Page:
June 01, 2012
We need to talk.
I believe that, in general, faithful readers of these dispatches are as intelligent and sensible as they come. But word is that some of you have not even thought about planting a tomato garden.
Surely you realize that whatever you experience during the next few months cannot properly be called "summer" if it does not include the consumption of tomatoes picked five minutes ago from vines growing in your own dirt.
Sweet Solanum lycopersicum. Is there another plant that varies so greatly between the supermarket version and the homegrown? Surely we can all agree that winter supermarket tomatoes -- bred for durability, picked green and ripened with noxious gases -- are measly, flavorless abominations. But even the better heirloom varieties at your local Bodega Organica are but a pale imitation of the bright, sweet, tangy essence of life borne by a freshly picked homegrown fruit. (Yes, they're fruits, not vegetables.)
And there's really no excuse anymore for not growing your own. Variable climate? One of the new breed of small, patio- or deck-friendly greenhouses will keep plants comfortably warm even in conditions as extreme as the foggy, arctic outer reaches of San Francisco.
Not much space? Any reasonable living space can at least accommodate a few cherry tomato plants grown in suitable containers.
Just not good with plants? Comprehensive tomato-growing systems such as the TopsyTurvy or a self-watering planter make the process all but idiot-proof. Organic fertilizers, grow-cloths and hormone sprays stack the odds even more in your favor.
Not sure it's worth the trouble? How can a sensate person not be intrigued by a plant with nicknames such as "wolf peach" (a reference to the plant's supposed role in turning unwitting consumers into werewolves) and "love apple" and heirloom varieties such as the Boxcar Willie, the UglyRipe and the Mortgage Lifter? Whose history in the Western world was for centuries clouded by beliefs that the fruit was either a dangerously potent aphrodisiac or poisonous, to the extent where a British agent reportedly tried to assassinate George Washington by sneaking tomatoes onto his dinner plate.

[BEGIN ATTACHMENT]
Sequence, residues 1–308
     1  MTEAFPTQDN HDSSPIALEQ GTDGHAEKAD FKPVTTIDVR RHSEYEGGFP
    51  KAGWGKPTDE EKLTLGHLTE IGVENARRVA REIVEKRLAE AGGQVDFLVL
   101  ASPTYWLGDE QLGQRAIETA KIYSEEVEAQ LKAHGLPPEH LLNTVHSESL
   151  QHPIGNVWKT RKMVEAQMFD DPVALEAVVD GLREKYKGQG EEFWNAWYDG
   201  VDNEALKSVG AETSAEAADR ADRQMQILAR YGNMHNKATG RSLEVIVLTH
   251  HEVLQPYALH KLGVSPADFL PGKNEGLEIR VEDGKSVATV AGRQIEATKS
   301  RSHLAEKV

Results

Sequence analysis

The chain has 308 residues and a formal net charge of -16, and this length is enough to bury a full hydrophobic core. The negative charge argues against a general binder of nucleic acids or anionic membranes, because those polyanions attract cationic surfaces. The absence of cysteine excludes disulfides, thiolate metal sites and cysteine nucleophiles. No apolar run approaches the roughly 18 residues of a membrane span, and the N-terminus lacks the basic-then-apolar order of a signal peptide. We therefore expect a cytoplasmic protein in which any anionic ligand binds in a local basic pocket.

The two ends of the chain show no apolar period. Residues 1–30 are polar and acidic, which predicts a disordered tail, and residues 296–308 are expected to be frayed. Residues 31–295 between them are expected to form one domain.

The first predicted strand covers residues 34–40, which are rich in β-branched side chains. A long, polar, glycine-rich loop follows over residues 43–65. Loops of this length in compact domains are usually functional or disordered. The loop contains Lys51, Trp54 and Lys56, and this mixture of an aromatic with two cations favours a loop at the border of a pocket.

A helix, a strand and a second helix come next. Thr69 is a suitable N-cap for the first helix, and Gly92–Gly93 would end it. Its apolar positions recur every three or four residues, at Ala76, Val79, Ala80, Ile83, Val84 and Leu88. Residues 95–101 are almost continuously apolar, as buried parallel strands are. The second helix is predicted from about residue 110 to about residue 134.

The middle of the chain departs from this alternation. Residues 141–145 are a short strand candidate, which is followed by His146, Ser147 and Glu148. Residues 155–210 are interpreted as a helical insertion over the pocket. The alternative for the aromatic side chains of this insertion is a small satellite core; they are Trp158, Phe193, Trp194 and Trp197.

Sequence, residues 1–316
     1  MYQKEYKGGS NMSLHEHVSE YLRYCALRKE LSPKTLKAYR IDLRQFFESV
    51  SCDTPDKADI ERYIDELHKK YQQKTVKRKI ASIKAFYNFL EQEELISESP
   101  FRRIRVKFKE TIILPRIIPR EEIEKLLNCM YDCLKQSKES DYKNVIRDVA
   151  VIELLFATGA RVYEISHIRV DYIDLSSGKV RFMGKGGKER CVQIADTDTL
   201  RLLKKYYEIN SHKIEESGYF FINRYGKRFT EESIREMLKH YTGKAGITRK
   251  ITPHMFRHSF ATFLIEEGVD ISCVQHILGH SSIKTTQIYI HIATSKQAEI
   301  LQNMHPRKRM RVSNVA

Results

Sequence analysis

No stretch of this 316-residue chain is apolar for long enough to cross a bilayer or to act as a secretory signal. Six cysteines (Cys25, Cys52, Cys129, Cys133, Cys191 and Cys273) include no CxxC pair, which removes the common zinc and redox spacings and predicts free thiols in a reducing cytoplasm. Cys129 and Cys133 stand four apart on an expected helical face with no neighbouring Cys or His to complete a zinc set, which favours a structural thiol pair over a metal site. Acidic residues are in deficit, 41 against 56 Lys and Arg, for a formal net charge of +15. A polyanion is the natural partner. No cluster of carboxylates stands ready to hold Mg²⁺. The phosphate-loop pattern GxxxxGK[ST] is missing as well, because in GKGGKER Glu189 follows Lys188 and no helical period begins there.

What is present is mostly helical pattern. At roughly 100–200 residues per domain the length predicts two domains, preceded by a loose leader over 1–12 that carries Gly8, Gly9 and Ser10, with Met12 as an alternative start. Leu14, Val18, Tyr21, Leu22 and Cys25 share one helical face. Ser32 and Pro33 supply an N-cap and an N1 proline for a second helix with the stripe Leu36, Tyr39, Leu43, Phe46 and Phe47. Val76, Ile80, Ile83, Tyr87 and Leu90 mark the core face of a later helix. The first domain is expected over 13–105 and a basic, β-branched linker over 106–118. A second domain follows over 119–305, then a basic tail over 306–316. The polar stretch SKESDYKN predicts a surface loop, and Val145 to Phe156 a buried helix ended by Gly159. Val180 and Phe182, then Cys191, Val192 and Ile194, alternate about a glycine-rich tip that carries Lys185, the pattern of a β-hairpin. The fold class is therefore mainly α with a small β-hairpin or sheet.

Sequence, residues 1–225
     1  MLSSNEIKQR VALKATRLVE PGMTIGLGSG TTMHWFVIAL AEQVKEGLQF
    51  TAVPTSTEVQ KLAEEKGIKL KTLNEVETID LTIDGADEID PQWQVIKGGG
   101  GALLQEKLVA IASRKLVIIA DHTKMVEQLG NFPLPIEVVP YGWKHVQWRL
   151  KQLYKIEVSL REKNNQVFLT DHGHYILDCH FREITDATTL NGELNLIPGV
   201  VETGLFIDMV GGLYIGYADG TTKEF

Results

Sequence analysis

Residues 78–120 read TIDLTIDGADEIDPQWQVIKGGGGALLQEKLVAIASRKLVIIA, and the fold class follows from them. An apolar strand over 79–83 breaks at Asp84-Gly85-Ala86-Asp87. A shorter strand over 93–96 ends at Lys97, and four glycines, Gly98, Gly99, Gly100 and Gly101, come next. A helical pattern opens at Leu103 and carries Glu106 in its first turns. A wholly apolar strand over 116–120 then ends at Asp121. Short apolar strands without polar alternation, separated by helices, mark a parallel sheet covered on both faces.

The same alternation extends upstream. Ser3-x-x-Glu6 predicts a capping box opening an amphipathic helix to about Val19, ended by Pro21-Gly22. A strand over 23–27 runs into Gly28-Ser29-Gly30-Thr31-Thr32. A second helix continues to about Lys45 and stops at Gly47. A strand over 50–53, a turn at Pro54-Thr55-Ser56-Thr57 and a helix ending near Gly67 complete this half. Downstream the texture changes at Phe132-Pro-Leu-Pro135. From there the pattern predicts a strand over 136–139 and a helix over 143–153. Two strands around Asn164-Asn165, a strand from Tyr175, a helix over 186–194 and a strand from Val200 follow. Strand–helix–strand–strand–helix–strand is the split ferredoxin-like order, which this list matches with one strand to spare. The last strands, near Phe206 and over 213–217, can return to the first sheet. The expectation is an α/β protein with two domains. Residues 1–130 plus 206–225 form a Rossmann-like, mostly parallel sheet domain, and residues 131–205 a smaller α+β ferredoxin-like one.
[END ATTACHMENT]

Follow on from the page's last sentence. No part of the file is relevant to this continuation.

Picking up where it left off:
More pragmatically, tomatoes are loaded with lycopene, a potent antioxidant shown in various studies to reduce the risk of heart disease and certain types of cancer, particularly of the prostate. Tomatoes are also thought to have natural blood-thinning properties, making them beneficial for preventing diabetes and stroke, and they're rich in bone-building Vitamin K. All these benefits are more pronounced in fruits allowed to fully ripen on the vine.
Tomatoes are an important part of popular culture, from the "tomayto/tomahto" debate in Gershwin's "Let's Call the Whole Thing Off" to George Clooney's breakthrough role in Return of the Killer Tomatoes. (Sample dialogue: "That's the bravest thing I've ever seen a vegetable do.")
But it's likely that nobody's ever said it better than Texas songwriter/sage Guy Clark in his ode to the joys of backyard gardening:
Homegrown tomatoes, homegrown tomatoes
What'd life be without homegrown tomatoes
Only two things that money can't buy
That's true love & homegrown tomatoes